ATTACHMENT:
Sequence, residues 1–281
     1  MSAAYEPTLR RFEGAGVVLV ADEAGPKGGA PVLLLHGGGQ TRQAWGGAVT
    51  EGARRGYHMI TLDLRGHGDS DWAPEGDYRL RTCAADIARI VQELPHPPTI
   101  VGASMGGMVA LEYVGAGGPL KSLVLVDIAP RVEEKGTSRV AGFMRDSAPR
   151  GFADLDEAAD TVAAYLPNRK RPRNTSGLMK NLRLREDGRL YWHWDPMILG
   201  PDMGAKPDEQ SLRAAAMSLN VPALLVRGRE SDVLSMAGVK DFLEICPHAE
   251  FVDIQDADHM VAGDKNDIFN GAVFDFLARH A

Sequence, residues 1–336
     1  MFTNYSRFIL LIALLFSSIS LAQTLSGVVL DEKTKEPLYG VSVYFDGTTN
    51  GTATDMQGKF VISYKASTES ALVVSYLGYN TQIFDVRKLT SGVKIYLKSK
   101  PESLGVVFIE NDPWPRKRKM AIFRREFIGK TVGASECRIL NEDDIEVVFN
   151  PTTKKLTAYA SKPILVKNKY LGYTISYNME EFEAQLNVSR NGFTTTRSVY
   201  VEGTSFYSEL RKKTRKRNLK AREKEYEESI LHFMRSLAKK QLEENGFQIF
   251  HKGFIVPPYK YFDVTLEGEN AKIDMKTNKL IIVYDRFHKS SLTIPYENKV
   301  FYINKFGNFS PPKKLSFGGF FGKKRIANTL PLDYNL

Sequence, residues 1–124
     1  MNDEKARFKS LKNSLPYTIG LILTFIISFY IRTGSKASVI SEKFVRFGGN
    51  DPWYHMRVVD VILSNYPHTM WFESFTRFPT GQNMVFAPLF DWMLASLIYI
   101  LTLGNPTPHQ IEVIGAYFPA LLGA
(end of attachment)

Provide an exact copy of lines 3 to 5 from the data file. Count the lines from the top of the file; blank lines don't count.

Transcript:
    51  EGARRGYHMI TLDLRGHGDS DWAPEGDYRL RTCAADIARI VQELPHPPTI
   101  VGASMGGMVA LEYVGAGGPL KSLVLVDIAP RVEEKGTSRV AGFMRDSAPR
   151  GFADLDEAAD TVAAYLPNRK RPRNTSGLMK NLRLREDGRL YWHWDPMILG